This paper critically explores key aspects of the gulf between traditional Christian bioethics and the secular moral reflections that dominate contemporary bioethics. For example, in contrast to traditional Christian morality, the established secular bioethics judges extramarital sex acts among consenting persons, whether of the same or different sexes, as at least morally permissible, affirms sexual freedom for children to develop their own sexual identity, and holds the easy availability of abortion and infanticide as central to the liberty interests of women. (...) Secular bioethics seeks to separate children from the authority of their parents, placing children themselves as in authority to make their own judgments about appropriate lifestyle choices, including sexual behaviors. As I argue, however, absent God, there exists no standpoint outside of our own cultural sociohistorically conditioned understanding from which to communicate any deeper perspective of reality or the bioethics that such a perspective would secure. Consequently, rather than discerning moral truth, secular bioethics merely affirms its own particular cultural sociohistorically conditioned ideological perspective. It is a social and political worldview bereft of definitive moral foundation, independent moral authority, or unambiguous content. (shrink)
Commentators routinely urge that it is morally permissible forcibly to treat psychiatric patients (1) to preserve the patient's best interests and (2) to restore the patient's autonomy. Such arguments specify duties of beneficence toward others, while appreciating personal autonomy as a positive value to be weighted against other factors. Varying by jurisdiction, legal statutes usually require, in addition, at least (3) that there exists the threat of harm to self or others. In this paper, I argue against embracing the first (...) two elements of this prevailing view. I also argue for a very restricted reading of the third element, based on the moral limits of permissible state action. (shrink)
The TRUTH is announced to creation by the Holy Spirit, the Spirit of Truth. Here, when the consciousness rises above “the double bound of space and time” and enters into eternity, here at this moment of annunciation, the One Who announces the Truth and the Truth Announced coincide completely. In the appearance of the Spirit of Truth, i.e., in the light of Tabor, the form and the content of the Truth are one (Florensky, 1997, p. 106).
Accounts of natural law moral philosophy and theology sought principles and precepts for morality, law, and other forms of social authority, whose prescriptive force was not dependent for validity on human decision, social influence, past tradition, or cultural convention, but through natural reason itself. This volume critically explores and assesses our contemporary culture wars in terms of: the possibility of natural law moral philosophy and theology to provide a unique, content-full, canonical morality; the character and nature of moral pluralism; the (...) limits of justifiable national and international policy seeking to produce and preserve human happiness, social justice, and the common good; the ways in which morality, moral epistemology, and social political reform must be set within the broader context of an appropriately philosophically and theologically anchored anthropology. This work will be of interest to philosophers, theologians, bioethicists, ethicists and political scientists. (shrink)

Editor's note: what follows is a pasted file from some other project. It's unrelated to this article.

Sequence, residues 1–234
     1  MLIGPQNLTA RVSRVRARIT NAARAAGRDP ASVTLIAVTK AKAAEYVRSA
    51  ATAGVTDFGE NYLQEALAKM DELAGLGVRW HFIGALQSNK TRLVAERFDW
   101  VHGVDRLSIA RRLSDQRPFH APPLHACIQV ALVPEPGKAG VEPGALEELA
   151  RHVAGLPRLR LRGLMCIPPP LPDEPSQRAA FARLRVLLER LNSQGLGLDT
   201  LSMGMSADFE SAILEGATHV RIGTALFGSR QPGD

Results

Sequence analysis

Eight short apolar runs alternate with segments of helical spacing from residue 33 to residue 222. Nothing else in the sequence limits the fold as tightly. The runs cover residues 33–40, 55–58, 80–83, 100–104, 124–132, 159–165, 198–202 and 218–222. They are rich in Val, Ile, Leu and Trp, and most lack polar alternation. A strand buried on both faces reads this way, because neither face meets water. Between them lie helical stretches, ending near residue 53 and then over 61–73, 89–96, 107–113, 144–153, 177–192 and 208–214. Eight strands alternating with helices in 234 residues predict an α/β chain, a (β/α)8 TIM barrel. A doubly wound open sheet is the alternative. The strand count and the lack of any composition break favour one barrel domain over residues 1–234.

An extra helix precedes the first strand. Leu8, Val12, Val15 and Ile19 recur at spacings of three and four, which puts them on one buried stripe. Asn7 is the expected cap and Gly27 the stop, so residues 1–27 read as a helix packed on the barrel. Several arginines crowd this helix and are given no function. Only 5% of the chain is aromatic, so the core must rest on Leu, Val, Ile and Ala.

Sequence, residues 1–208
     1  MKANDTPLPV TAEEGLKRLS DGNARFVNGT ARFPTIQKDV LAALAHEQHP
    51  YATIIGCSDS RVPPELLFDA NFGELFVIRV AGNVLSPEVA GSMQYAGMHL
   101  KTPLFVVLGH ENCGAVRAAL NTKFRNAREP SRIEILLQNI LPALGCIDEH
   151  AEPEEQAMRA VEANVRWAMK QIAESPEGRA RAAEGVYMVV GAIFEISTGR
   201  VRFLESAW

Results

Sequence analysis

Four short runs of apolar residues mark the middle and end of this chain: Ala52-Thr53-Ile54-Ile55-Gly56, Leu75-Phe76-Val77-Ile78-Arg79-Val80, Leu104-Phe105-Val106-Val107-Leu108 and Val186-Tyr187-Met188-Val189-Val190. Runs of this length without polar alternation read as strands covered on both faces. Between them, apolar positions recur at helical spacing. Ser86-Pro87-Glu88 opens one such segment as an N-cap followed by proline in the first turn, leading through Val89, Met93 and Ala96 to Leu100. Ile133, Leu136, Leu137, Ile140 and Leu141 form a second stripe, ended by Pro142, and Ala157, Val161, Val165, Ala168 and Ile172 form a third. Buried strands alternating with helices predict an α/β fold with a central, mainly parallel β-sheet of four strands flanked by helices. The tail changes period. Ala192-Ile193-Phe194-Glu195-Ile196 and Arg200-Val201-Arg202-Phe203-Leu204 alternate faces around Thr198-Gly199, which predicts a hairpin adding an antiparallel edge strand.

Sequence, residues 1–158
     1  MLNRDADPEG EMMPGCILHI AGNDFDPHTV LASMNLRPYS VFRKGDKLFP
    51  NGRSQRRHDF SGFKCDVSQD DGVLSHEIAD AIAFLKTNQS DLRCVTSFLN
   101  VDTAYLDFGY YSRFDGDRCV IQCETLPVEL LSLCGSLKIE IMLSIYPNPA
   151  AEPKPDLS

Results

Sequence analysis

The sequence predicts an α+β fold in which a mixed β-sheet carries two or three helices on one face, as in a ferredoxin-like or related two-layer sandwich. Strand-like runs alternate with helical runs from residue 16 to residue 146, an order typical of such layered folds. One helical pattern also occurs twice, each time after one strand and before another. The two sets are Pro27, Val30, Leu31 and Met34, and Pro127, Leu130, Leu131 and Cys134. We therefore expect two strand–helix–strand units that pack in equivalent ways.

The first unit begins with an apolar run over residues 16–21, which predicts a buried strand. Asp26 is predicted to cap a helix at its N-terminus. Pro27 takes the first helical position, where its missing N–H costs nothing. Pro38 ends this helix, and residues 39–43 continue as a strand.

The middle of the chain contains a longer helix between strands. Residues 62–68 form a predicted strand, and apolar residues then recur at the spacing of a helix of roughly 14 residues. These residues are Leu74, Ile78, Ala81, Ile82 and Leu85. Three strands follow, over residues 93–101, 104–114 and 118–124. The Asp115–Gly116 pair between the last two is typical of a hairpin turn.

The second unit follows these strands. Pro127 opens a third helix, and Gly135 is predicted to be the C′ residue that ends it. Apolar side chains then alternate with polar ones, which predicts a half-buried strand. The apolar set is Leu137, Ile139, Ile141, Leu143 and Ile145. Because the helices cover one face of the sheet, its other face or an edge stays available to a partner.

The legal basis of informed consent in Texas may on first examination suggest an unqualified affirmation of persons as the source of authority over themselves. This view of individuals in the practice of informed consent tends to present persons outside of any social context in general and outside of their families in particular. The actual functioning of law and medical practice in Texas, however, is far more complex. This study begins with a brief overview of the roots of Texas law (...) and public policy regarding informed consent. This surface account is then contrasted with examples drawn from the actual functioning of Texas law: Texas legislation regarding out-of-hospital do-not-resuscitate (DNR) orders. As a default approach to medical decision-making when patients lose decisional capacity and have failed to appoint a formal proxy or establish their wishes, this law establishes a defeasible presumption in favor of what the law characterizes as “qualified relatives” who can function as decision-makers for those terminal family members who lose decisional capacity. The study shows how, in the face of a general affirmation of the autonomy of individuals as if they were morally and socially isolated agents, space is nevertheless made for families to choose on behalf of their own members. The result is a multi-tier public morality, one affirming individuals as morally authoritative and the other recognizing the decisional standing of families. (shrink)